Monday, April 1, 2013

Military Children at Risk

In the year 2010, almost 2 million American children had at least one parent in active military duty.  A new study from the University of Iowa, suggest that these deployed parents put their children at risk of becoming alcoholic or drug abusers.  These children of the sixth to 11th grade had an increase of alcohol use, using marijuana, prescription drugs and other illegal drugs as compared to children of the same grades and age groups of non-military families.  A professor of biostatistics says, “We worry a lot about the service men and women and we sometimes forget that they are not the only ones put into harm’s way by deployment, their families are affected too.”
As a child myself, a part of a military family, I discovered alcohol and eventually graduated to harder drugs.  My parents were not at fault for doing what needed to be done while in the military, yet I didn’t understand why for instance my father was always gone, deployed to different countries, active duty in different states and practically never at home until he completed his 20th year in the military.  It was somewhat stressful for me, having to worry whether he would come home, or how to explain I even had a father.  Alcohol was my first step, I felt stronger, and could be the “man of the house”, yet as even though my father had eventually received his discharge from the military, I went along feeling like a stranger and began using street drugs, with the feeling I was no longer the needed.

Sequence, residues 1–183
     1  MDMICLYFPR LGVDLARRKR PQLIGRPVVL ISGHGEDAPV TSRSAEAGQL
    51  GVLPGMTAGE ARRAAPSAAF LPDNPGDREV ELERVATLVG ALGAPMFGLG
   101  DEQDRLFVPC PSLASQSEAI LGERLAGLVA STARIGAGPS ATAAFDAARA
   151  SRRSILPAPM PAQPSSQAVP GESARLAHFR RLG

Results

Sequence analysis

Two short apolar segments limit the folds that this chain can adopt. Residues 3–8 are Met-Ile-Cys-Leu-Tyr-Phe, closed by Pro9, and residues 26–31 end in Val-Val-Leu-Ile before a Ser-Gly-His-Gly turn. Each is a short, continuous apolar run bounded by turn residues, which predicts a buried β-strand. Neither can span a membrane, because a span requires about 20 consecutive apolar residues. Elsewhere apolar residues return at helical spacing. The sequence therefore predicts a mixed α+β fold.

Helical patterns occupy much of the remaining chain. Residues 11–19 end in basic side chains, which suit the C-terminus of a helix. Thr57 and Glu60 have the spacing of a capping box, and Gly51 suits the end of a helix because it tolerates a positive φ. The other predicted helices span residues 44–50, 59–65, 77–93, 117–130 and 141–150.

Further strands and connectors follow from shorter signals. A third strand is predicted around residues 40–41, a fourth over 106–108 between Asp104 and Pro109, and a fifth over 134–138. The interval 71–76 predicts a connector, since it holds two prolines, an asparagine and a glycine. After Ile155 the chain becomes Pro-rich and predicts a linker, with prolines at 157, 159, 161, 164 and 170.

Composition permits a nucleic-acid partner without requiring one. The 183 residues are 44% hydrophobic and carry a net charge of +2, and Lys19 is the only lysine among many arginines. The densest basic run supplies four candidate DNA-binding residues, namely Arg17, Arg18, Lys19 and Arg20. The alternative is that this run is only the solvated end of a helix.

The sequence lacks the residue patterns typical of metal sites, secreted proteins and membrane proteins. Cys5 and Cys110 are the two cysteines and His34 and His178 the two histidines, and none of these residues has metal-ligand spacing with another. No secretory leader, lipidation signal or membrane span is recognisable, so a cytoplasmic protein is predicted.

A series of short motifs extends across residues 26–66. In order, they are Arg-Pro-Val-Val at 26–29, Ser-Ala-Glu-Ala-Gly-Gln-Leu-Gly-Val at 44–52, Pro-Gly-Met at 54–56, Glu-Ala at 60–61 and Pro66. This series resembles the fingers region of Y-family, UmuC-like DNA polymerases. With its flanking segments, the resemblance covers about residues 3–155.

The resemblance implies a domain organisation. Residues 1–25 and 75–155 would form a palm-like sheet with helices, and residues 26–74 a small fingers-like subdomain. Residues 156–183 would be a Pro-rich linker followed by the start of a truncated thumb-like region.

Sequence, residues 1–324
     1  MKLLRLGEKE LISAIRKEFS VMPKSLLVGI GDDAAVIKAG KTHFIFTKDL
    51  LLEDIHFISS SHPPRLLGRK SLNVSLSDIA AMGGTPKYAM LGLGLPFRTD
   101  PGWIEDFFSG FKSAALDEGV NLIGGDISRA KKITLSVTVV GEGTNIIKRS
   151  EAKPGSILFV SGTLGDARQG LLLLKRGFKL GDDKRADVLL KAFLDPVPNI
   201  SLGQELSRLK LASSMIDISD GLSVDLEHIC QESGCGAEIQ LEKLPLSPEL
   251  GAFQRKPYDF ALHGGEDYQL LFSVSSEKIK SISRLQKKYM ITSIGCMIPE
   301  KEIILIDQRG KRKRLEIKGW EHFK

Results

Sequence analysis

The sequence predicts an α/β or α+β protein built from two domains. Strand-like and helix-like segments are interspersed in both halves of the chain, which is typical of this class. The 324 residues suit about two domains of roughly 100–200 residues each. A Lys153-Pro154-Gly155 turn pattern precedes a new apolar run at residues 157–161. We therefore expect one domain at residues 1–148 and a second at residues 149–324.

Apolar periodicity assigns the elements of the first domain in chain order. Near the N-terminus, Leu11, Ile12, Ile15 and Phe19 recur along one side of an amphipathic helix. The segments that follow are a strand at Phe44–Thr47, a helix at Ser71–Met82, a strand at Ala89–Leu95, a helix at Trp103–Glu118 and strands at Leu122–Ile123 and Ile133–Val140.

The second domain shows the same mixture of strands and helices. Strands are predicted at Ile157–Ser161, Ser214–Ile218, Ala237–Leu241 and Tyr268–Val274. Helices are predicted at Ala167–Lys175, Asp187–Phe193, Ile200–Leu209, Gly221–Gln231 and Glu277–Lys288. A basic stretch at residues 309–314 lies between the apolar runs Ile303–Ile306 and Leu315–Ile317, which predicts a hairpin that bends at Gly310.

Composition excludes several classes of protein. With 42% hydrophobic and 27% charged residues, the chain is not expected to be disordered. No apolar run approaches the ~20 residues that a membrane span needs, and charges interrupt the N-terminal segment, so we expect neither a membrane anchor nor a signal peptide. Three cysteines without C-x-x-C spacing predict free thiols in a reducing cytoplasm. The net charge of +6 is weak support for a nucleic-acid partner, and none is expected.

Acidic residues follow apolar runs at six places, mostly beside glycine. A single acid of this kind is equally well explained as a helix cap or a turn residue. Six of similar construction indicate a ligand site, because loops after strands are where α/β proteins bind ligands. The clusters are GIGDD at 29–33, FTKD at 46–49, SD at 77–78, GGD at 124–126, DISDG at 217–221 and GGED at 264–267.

The University of Iowa study goes on to show how living arrangements of these children change once the parent is deployed, many of them not living with a natural parent.  “They may go to live with a relative, but many go to live with others outside the family”.  They are disassociated from the family and by reason because of their change; they are most affected by drinking and drug use.  There are limited support groups and resources for military families whose children are affected by this risk.  I think that if such resources and support groups had existed when I was young, I would have grown into a completely different person of a more normal stature, as it took me many years after compounding what drug me through the city streets, I would have aged with understanding and morals of some regard instead of the derision it took me many years to overcome.  Hopefully the schools of these military children will have the insight to lend these children assistance and help them grow with understanding. 

Written by Donald S 

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